• people get saved? Or just the Jewish ppl get saved?
  • the anti Christ appears and makes an agreement with the nation of Israel
  • he breaks it after 3.5 years
  • the temple is rebuilt
  • after 7 years Christ comes back and I 'think' He wipes out the bad guys and establishes his earthly reign from Jerusalem? Which is a 1000 years long, but after that I have no clue what happens.

What I don't know is when is the kingdom of God on earth established? I think it's a 1000 years long.

So if someone would pls help me out with this and suggest some resources to clarify this I would much appreciate it.

mm.

Hi Milkman - My understanding of a common held pre-tribulational view is the following -

  • Rapture of the church (born again saved believers in Christ in accordance with the scriptures).
  • A 7 year agreement between Israel and her enemies is concluded. 
  • The Tribulation period (7 years) begins once the agreement is made.
  • The Two Witnesses appear in Jerusalem and testify of Christ for 3 1/2 years (until mid-tribulation).
  • At some time between the rapture and mid-Tribulation the Third Temple is constructed. 
  • Possibly at mid-tribulation (3 1/2 years) the Antichrist desecrates the Temple.
  • At mid-tribulation the two witnesses are killed and after 3 days are resurrected and bodily ascend to heaven.
  • During the Tribulation period unsaved people will come to faith in Christ (Jews and gentiles), but life may be short!
  • The Tribulation period involves progressively worse judgments on the earth. 
  • The Antichrist will progressively persecute and kill believers and Jewish people.
  • At the end of the 7 years the Antichrist will seek to exterminate the Jewish people and their leaders will cry out to Christ to save them.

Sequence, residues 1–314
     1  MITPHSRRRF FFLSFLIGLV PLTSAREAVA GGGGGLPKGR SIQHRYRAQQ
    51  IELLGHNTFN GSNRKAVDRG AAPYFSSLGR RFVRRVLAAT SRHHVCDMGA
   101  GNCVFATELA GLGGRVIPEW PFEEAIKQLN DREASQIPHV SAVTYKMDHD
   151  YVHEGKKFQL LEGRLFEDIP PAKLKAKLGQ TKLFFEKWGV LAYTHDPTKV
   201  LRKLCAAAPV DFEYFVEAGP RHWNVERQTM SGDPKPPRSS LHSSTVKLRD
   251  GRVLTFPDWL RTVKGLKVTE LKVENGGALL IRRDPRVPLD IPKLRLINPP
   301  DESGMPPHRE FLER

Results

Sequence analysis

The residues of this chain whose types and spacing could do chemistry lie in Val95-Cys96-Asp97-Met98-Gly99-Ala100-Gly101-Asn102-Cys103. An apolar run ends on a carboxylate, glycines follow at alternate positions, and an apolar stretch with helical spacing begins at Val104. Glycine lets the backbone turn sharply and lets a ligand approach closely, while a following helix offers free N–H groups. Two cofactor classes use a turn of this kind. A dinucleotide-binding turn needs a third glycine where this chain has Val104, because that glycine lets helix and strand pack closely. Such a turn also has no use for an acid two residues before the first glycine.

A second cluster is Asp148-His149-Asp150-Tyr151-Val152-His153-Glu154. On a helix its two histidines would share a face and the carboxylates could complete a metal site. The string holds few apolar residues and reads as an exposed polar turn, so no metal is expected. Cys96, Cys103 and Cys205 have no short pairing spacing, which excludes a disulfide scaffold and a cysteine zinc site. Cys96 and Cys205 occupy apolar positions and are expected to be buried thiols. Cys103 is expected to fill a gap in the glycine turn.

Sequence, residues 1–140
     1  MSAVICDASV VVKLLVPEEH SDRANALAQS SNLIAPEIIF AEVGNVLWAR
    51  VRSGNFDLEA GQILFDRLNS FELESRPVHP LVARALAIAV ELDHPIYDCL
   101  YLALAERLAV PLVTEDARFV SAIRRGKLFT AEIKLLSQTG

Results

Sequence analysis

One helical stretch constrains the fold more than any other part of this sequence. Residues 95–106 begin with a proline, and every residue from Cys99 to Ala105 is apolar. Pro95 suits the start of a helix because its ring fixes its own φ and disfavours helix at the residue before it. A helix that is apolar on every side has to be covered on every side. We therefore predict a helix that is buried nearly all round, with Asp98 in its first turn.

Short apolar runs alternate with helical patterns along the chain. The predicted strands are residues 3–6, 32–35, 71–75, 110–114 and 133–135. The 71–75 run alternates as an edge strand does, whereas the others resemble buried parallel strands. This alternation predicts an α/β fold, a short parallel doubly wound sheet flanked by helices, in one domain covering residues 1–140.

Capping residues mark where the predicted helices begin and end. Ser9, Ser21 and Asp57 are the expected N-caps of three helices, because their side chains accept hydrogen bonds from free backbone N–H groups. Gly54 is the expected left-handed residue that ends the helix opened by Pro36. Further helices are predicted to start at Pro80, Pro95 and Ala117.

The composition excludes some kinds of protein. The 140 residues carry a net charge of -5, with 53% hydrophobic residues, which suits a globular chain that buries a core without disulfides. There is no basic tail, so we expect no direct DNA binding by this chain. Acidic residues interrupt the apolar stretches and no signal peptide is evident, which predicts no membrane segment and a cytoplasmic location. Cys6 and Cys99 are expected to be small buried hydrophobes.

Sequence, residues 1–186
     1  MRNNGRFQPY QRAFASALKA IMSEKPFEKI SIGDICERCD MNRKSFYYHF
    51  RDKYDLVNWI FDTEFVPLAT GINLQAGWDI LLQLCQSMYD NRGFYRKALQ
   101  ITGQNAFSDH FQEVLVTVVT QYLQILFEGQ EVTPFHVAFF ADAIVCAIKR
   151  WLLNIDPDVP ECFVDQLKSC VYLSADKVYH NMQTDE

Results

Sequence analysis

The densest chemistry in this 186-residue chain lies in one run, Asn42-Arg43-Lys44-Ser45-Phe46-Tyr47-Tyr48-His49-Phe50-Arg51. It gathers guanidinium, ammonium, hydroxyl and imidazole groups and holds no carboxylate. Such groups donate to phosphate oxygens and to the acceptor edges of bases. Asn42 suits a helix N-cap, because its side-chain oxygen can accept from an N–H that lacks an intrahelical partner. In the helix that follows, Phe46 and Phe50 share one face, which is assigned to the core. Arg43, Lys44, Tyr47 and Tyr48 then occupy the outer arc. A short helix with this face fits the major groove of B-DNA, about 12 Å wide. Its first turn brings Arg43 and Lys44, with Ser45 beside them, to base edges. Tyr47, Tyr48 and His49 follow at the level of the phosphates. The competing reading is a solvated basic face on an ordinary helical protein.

• Christ returns with the host of heaven (including the raptured church), achieves victory and deals with Antichrist and false prophet.
  • At Christ's return Satan is chained and will be powerless for 1000 years. 
  • All who are unsaved and have survived to Christ's appearing will be judged - and not allowed to enter the Millennium Kingdom.
  • All who are saved and have survived to Christ's appearing as well as the returned glorified church will live in the Millennium Kingdom.
  • Christ's millennium kingdom will be on earth a literal 1000 years - a time of peace, joy and prosperity on earth. 
  • Those born in the millennium period will have to come to personal faith in Christ - some will not.
  • On the expiry of the 1000 years, Satan is temporarily released, the unsaved revolt and the Lord intervenes victoriously. 
  • Note - the White throne judgement in Revelation is for the unsaved only. The unsaved and Satan committed to the lake of fire.
  • Note - the saved are judged at the 'bema' of Christ and rewarded for their service - their salvation is not in doubt.   
  • After the Millennium, a clean sweep happens with the new heaven and new earth created.